This significant underground cultural development went on largely unobserved by mainstream pop culture, until the 1950s, 60s and 70s when many of these acts began to be presented on television variety shows for the first time, changing American entertainment — and America — forever.

To this day, you can get a taste of something not too different from what audiences enjoyed on the black vaudeville circuits. It’s called Amateur Night at the Apollo. (Don’t let the name fool you)

To find out more about  the history of vaudevilleconsult No Applause, Just Throw Money: The Book That Made Vaudeville Famous, available at Amazon, Barnes and Noble, and wherever nutty books are sold.

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Variety Arts # 25: The Chop Suey Circuit

Posted in Asian, Variety Arts (Defined), Vaudeville etc. with tags , on January 3, 2012 by travsd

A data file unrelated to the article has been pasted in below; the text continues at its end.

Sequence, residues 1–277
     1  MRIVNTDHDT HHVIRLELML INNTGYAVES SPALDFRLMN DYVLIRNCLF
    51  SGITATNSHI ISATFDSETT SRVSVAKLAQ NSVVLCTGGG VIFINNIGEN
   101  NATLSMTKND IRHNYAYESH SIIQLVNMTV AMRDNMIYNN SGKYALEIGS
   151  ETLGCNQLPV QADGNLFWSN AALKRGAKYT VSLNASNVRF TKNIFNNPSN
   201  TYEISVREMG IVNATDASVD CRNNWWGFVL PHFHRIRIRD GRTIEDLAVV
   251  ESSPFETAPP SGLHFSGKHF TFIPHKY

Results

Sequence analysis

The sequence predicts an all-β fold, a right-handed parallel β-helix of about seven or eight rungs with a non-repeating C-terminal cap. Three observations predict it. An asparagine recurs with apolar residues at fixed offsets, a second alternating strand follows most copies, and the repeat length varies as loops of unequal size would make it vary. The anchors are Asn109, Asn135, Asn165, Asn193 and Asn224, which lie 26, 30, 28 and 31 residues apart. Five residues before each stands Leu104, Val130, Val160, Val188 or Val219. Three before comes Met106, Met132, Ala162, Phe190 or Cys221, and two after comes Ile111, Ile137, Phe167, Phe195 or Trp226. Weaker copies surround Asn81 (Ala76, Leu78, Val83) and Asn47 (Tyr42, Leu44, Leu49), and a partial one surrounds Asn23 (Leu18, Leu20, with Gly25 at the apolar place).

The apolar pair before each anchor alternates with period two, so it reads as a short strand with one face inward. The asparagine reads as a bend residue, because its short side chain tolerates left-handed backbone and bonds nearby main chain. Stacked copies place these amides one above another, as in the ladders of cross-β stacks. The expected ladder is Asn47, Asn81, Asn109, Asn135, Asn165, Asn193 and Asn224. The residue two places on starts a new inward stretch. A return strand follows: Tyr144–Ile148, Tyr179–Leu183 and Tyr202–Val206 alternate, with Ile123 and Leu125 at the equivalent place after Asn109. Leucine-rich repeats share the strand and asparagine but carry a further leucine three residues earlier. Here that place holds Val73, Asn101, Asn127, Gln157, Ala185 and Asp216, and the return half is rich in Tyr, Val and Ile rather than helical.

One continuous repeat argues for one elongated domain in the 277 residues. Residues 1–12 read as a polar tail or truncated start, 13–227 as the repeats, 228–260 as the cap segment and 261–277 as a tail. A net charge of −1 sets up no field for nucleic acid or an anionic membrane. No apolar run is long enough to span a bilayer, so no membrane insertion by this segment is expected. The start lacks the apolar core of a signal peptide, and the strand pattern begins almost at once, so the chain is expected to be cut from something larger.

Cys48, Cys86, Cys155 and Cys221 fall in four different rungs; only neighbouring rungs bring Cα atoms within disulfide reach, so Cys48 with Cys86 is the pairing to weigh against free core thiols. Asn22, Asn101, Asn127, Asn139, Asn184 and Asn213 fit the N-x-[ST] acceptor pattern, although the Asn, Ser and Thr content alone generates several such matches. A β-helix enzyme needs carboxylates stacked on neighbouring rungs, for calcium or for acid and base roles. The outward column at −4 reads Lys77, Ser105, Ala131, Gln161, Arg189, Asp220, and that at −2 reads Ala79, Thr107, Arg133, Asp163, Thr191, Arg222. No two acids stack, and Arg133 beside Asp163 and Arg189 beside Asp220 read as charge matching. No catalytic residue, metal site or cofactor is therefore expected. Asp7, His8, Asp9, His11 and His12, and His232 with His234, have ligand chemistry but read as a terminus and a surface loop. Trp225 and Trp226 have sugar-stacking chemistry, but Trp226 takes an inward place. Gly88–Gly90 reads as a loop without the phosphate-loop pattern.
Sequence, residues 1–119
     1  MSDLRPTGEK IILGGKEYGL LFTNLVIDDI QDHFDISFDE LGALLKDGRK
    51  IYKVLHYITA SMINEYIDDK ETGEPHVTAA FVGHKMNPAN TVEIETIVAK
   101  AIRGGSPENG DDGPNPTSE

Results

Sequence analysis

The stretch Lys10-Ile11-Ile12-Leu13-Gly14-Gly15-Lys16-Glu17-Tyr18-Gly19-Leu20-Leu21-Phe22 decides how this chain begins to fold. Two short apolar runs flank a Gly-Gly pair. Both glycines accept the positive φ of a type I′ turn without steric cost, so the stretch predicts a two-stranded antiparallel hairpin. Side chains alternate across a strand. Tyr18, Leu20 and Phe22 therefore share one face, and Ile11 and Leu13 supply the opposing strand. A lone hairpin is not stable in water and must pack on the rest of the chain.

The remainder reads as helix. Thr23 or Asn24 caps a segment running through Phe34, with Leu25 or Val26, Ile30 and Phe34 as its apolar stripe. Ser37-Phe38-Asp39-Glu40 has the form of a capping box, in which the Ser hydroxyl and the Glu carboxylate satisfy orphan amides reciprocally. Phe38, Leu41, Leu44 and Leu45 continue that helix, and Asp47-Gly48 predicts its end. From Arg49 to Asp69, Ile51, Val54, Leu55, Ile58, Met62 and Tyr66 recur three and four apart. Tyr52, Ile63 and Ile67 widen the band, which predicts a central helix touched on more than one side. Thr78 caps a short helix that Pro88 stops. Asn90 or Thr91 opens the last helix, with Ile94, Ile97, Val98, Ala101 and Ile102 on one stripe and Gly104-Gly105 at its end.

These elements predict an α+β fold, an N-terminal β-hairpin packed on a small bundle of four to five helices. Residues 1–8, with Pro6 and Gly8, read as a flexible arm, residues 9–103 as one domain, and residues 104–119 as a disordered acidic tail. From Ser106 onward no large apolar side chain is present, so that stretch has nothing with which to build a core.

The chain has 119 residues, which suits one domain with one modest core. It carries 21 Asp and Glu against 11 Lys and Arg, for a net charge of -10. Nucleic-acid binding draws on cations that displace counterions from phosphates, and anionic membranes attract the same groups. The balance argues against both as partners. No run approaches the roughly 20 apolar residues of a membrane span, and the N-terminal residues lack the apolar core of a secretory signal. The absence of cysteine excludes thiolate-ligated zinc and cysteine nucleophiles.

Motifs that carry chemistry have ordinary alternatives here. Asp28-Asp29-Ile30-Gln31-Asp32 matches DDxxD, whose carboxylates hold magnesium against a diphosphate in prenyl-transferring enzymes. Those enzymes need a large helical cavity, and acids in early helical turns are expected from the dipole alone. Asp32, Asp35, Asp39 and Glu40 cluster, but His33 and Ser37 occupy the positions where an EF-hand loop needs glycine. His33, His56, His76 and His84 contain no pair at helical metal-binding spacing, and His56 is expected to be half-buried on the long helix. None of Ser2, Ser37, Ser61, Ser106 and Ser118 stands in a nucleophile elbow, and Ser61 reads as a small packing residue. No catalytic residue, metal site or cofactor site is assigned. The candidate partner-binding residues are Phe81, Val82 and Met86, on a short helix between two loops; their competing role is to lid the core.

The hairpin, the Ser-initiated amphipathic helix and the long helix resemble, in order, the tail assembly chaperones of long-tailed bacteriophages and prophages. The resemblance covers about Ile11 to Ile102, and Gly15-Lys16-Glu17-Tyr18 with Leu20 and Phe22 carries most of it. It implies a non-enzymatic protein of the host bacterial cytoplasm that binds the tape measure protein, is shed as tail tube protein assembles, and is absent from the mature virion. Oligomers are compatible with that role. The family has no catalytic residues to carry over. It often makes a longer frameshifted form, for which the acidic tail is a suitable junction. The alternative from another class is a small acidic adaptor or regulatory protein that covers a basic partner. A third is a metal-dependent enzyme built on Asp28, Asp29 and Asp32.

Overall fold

This post is one in a series that defines for the layman the various types of variety arts. For the full panoply go here.

The Chop Suey Circuit is the not-very-respectful nickname for the loose network of night clubs and supper clubs that flourished in the various Chinatowns of American metropolitan areas from the 193os through the 1950s. Generally owned by Asian Americans, they presented revues of Asian and Asian American entertainers, mostly for audiences of thrill seeking Caucasians. It was never a bona fide, organized circuit in the sense of the great burlesque and vaudeville wheels.

To find out more about  the history of vaudevilleconsult No Applause, Just Throw Money: The Book That Made Vaudeville Famous, available at Amazon, Barnes and Noble, and wherever nutty books are sold.

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Variety Arts #24: New Vaudeville

Posted in Circus, Clown, Contemporary Variety, Jugglers, Variety Arts (Defined), Vaudeville etc. with tags on December 5, 2011 by travsd

Avner the Eccentric

This post is one in a series that defines for the layman the various types of variety arts. For the full panoply go here.